3-D Micro and Nano Technologies for Improvements in Electrochemical Power Devices

Micromachines. 2014;5(2):171-203 DOI 10.3390/mi5020171

 

Journal Homepage

Journal Title: Micromachines

ISSN: 2072-666X (Online)

Publisher: MDPI AG

LCC Subject Category: Technology: Mechanical engineering and machinery

Country of publisher: Switzerland

Language of fulltext: English

Full-text formats available: PDF, HTML, ePUB, XML

 

AUTHORS

Sunshine Holmberg (Department of Mechanical and Aerospace Engineering, University of California, Irvine, 5200 Engineering Hall, Irvine, CA 92697, USA)
Alexandra Perebikovsky (Department of Physics and Astronomy, University of California, Irvine, 4129 Frederick Reines Hall, Irvine, CA 92697, USA)
Lawrence Kulinsky (Department of Mechanical and Aerospace Engineering, University of California, Irvine, 5200 Engineering Hall, Irvine, CA 92697, USA)
Marc Madou (Department of Mechanical and Aerospace Engineering, University of California, Irvine, 5200 Engineering Hall, Irvine, CA 92697, USA)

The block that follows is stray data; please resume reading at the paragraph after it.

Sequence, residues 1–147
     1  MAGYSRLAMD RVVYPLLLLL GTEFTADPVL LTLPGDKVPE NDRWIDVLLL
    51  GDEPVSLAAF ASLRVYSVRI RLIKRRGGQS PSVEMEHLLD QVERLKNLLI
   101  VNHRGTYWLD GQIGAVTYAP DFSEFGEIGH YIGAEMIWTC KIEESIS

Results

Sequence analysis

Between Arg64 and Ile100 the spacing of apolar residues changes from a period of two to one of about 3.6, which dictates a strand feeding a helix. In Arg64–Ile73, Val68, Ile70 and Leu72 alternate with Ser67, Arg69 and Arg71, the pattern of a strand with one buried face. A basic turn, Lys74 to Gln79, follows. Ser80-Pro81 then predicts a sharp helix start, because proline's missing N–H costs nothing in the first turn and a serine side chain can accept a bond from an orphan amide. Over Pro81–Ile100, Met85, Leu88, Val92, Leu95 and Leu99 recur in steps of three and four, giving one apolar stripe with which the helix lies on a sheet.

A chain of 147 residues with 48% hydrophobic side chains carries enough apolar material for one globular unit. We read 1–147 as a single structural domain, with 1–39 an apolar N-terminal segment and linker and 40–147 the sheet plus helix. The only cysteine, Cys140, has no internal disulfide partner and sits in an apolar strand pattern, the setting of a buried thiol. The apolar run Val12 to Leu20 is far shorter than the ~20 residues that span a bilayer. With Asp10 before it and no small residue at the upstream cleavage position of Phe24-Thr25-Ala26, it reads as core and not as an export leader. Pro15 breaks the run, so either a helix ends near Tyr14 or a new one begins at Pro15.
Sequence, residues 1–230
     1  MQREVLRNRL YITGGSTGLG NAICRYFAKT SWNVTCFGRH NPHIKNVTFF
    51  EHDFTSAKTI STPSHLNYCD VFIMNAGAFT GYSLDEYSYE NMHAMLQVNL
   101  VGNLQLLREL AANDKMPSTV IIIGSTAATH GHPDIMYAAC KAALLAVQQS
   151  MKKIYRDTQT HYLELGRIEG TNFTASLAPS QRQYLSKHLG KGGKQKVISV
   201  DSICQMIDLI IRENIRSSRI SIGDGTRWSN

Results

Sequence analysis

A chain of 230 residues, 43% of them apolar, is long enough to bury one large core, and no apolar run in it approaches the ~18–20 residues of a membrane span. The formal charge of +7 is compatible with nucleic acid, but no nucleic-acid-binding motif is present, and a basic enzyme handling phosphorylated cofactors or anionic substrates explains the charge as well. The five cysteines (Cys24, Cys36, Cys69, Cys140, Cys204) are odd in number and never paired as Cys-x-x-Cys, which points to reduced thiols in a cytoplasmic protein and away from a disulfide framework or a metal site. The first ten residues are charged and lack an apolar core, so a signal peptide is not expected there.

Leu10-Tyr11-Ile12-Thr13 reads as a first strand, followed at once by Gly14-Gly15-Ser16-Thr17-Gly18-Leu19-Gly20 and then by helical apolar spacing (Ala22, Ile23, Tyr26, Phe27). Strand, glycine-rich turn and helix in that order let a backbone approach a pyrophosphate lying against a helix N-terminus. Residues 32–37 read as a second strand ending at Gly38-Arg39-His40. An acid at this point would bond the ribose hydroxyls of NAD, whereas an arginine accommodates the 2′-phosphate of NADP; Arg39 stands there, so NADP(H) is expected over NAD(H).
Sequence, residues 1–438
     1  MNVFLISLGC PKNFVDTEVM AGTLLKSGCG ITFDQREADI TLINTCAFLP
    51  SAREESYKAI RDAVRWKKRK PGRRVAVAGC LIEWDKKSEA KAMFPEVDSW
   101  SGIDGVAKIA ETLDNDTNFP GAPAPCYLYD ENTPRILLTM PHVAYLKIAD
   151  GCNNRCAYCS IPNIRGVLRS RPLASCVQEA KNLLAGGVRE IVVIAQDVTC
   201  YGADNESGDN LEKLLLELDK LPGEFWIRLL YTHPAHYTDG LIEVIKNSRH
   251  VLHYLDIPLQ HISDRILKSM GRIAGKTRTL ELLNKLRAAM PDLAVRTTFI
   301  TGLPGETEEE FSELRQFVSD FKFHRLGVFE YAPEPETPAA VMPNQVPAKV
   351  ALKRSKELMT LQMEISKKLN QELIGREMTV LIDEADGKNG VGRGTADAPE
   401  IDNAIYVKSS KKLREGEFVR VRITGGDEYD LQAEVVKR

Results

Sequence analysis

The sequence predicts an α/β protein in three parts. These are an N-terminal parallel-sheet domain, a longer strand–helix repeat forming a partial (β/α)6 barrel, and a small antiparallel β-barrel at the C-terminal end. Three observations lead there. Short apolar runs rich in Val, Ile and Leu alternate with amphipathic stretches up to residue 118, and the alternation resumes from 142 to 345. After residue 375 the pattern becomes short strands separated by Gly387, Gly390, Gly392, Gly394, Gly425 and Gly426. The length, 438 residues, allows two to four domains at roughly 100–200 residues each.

EDITORIAL INFORMATION

Blind peer review

Editorial Board

Instructions for authors

Time From Submission to Publication: 11 weeks

 

Abstract | Full Text

This review focuses on recent advances in micro- and nano-fabrication techniques and their applications to electrochemical power devices, specifically microfabricated Lithium-ion batteries, enzymatic and microbial fuel cells (biofuel cells), and dye-sensitized solar cells (DSSCs). Although the maturity of these three technologies ranges from market ready (batteries) to fundamental research (biofuel cells) to applied research (DSSCs), advances in MEMS (Micro-Electro-Mechanical Systems) and NEMS (Nano-Electro-Mechanical Systems) techniques, particularly modifications in surface area and surface chemistry, and novel genetic and molecular engineering techniques, significantly improve the electrochemical activity of these technologies across the board. For each of these three categories of power-MEMS devices the review covers: (1) The technical challenges facing the performance and fabrication of electrochemical power devices; (2) Current MEMS and NEMS techniques used to improve efficiency; and (3) Future outlook and suggested improvements of MEMS and NEMS for implementation in electrochemical power devices.